Brother and sister fight gender stereotypes as boy, 7, performs ballet and girl, 5, plays rugby

Meet the adorable brother and sister fighting gender stereotypes before they’ve even hit double digits.

Freddie Young, seven, is a budding male ballet dancer while his little sister Maggie Young, five, has a passion for playing rugby.

‘Theatrical’ Freddie has had a love for music and dance for as long as his mum Faye Young can remember but it’s charging around a rugby pitch that really speaks to Maggie’s ‘competitive’ nature.

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The siblings’ favourite hobbies may not adhere to what boys and girls are expected to like but mum Faye, 38, and dad Steve Young, 36, will be there cheering them on for every scrum and pirouette.

Landlady Faye, of Rugby, Warwickshire, said: “Freddie is quite theatrical and loves drama.

“He has always been one to get into the groove. He’s loved to dance and move to music ever since he was a baby.

“We’d go to rhythm, rhyme and baby classes at the library religiously because he loved them so much. And as he got older, he got really into the game Just Dance on the Xbox.

“When Maggie started doing ballet, Freddie asked me if he could do it too so I asked Maggie’s teacher if she had any spots free.

“At first Freddie was a bit dubious because he thought boys weren’t supposed to do ballet but I told him to just do what he wanted.

“I showed him the hashtag ‘boy ballet’ to show him that it doesn’t make him weak or a wuss or anything like that. Male ballet dancers are strong.

“In the end he just couldn’t resist any longer and he’s been going to classes for about a year now.

“He’s really flown with it. He’s doing so well. He’s quite incredible really.

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“And Freddie has gained so much confidence since taking up ballet. He’s always twirling around the kitchen and showing me all his moves. He’s really come out of his shell.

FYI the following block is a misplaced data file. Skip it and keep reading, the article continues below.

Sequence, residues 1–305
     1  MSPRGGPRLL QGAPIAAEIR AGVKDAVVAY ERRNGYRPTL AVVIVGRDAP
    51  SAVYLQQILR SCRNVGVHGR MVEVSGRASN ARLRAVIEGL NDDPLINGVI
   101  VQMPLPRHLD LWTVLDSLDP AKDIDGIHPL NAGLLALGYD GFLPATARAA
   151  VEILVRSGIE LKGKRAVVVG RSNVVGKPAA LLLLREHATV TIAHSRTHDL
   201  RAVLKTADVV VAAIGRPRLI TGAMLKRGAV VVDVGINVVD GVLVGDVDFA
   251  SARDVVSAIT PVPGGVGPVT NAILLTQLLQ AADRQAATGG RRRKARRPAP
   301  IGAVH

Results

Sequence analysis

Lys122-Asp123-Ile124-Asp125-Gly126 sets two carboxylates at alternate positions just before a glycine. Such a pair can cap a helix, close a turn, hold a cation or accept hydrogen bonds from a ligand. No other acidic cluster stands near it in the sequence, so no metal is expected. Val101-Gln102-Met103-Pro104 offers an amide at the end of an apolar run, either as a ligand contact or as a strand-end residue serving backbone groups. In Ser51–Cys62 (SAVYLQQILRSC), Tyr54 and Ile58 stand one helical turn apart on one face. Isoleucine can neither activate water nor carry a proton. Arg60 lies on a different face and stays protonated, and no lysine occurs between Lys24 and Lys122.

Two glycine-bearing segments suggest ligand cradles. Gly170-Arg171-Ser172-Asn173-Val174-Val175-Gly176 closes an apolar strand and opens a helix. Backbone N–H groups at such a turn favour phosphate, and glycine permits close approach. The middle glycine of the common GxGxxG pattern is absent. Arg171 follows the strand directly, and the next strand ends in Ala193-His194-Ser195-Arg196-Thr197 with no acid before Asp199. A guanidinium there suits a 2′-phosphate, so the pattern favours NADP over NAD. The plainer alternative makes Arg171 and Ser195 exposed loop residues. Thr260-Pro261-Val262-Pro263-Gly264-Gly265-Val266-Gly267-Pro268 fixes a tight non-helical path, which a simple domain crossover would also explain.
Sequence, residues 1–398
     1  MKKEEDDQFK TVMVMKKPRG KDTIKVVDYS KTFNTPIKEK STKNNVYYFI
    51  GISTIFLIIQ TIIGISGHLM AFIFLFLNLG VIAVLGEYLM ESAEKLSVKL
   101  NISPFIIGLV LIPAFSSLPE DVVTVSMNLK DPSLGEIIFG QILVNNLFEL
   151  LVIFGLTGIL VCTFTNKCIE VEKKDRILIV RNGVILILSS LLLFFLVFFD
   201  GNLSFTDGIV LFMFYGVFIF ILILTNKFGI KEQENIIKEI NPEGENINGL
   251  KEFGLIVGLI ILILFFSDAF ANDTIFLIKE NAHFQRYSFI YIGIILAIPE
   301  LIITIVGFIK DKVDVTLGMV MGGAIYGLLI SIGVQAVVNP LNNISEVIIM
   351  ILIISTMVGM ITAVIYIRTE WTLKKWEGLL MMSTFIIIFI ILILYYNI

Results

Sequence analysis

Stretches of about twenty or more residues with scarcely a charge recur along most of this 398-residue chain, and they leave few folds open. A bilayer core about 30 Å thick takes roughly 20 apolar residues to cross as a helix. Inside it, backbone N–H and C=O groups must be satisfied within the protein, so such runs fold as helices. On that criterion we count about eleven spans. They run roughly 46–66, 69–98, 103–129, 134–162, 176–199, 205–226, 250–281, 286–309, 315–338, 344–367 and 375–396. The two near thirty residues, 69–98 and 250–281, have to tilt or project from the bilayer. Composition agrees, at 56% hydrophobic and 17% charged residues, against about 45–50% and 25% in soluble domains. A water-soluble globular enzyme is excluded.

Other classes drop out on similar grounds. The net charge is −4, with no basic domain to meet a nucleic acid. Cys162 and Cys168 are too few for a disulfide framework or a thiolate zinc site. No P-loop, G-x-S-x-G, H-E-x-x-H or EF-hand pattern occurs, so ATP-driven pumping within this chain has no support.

“Ballet isn’t his dad’s thing because Steve is quite a blokey bloke but he comes to every show and exam recital. We are dead proud of him. He’s our little Fred Astaire.

“And then Maggie is just a different personality. She started scrum kids when she was about three. She wanted to do it because Freddie was doing it.

“She is doing really well. This is her first year in a team and she definitely prefers being in defence over attack.

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“She doesn’t like to lose, she’s got a very competitive side. And she’s not afraid of getting muddy which is good.

“Recently Maggie has shown an interest in football too so we’re looking into that.

“She’s not a tomboy. She is a girly girl who loves her unicorns and barbies but she also loves rugby and nerf guns.

“We will always encourage that adventurous side in her. We’re so proud of them both.”

Despite the whole family having an affinity for rugby, Faye and plant electrician Steve have never discouraged their kids from having other interests.

Faye, who also works packing boxes for a cosmetic surgery company, believes no hobbies should be deemed gender specific and wants to celebrate her children’s diversity.

But the mum of two is aware that Freddie and Maggie’s activities might not always be met with such open-minded opinions.

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Faye, who coaches rugby after a hernia stopped her from playing, said: “It has never been a questions for us whether Freddie and Maggie should or shouldn’t be doing their hobbies.

“Steve and I are always positive and supportive. If Freddie can do it Maggie can do it too and vice versa.

“We’re all very diverse. Steve plays rugby and I used to play it too until recently.

“I know not everyone feels the same and luckily neither Freddie or Maggie have had any negative comments from anyone yet.

“There’s another boy in Freddie’s year who does ballet so I think that helps.

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“But I think as they get older Freddie will find it harder than Maggie and he might get some people who question why he does ballet.

“But we tell them both that if they ever get those comments to just tell people that it’s what they enjoy and shrug it off.

“They shouldn’t need to explain themselves or defend themselves. And there’s no need to make a big deal of it because it’s not a big deal. It needs to be normalised.”